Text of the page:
Get Your Act Together

Work on presenting yourself with professional quality personal branding materials, such as a resume, artist bio, or an EPK if you are an artist or band. If you have to, it’s worth spending some money to get professional quality materials.

Quality Is A Must

Create high-quality recordings and music videos (for artists, bands, Songwriters, Producers). This means writing, arranging, and producing some great music. Learn all about the creative processes needed to get the best recordings you can. Upgrade your technical skills.

Learn The Laws

Protect your intellectual property using copyrights and by registering with a performing rights organization (PRO) like ASCAP, BMI, or SESAC. Learn about the legal aspects of the music industry.

Get Social

Build a social media presence. Decide how you want your image to come across to fans, and carefully craft your online image and brand message. Build real followers, not fake ones, and engage with them in meaningful ways.

Stream It

Get your music on streaming platforms like YouTube and Spotify. You can use a music aggregator for digital distribution, like CD Baby, Tunecore, DistroKid, or AWAL. Start earning money from your music as soon as possible.

Perform Live

Get live performing experience. Get out and do shows, in order to learn what works with your audience and hone your stage communication skills.

Gear Up

Upgrade your gear.Whatever equipment you need to make your music and run your music business, find a way to get access to it. This requires learning about options, applications, and costs, as well as logistics. Put time into it.

Get to Work

Go work for someone else. Find an internship or a job that allows you to gain experience and contacts. Work for free if you have to. Learn the business from the inside.

This is a shortlist and not meant to be exhaustive.

You might decide to earn a degree or diploma in Music Industry Studies or some other specialization that attracts you. Since music is a business, learn all you can about business in general. Set up your business entity or register as a business in your city or state. Open a business banking account. Write a formal business plan. Consider finding a mentor. Focus your creative abilities in the direction you want your career to go, and observe where it takes you.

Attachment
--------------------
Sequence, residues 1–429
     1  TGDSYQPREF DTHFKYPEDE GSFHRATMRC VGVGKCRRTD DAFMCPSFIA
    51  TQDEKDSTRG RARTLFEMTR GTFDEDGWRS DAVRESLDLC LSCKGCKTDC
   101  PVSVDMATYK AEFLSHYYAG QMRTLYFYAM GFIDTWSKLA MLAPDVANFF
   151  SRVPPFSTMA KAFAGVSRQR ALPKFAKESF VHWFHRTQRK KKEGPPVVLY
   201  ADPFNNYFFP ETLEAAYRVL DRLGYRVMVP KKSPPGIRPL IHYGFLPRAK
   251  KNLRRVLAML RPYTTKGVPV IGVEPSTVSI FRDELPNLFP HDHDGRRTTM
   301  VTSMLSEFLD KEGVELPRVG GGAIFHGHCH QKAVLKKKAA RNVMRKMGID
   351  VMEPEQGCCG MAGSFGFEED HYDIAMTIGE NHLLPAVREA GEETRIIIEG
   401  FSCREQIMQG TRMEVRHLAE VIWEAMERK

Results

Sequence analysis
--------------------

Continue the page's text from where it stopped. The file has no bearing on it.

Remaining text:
Real Tips: Follow Through to the End

Musicians have lots of skills which translate well to the industry, like creative problem solving, project management skills, focused learning, self-discipline, leadership, and even public speaking. Some musicians are great at math and solving equations in their heads because of their music training. Harness your creative abilities in taking care of your business. Remember that everyone starting out at anything will have initial hurdles to overcome. Even the most accomplished people had zero knowledge or skills when they first started.

As the music industry is highly competitive, prepare yourself to deal with rejection. Adjust your thinking to avoid negativity, discouragement, and impasse, and focus on the prize. Stay as positive as you can while being realistic about the work you will need to put in. Develop solid strategies for accelerated learning and skill-building, while supercharging your network. Cultivate a love of your craft, and don’t focus on things like fame. Above all, don’t give up.

All these activities demand your strong commitment to continuous hard work, focused learning, and artistic and professional growth. Write down your goals and hang them in a place where you will see them every day. Break your goals down into smaller, actionable tasks. Then put aside some time to work on those tasks every day.

It is possible to make a living in music. All you will need is a lot of work, some time, and a little luck. Others have done it, so can you.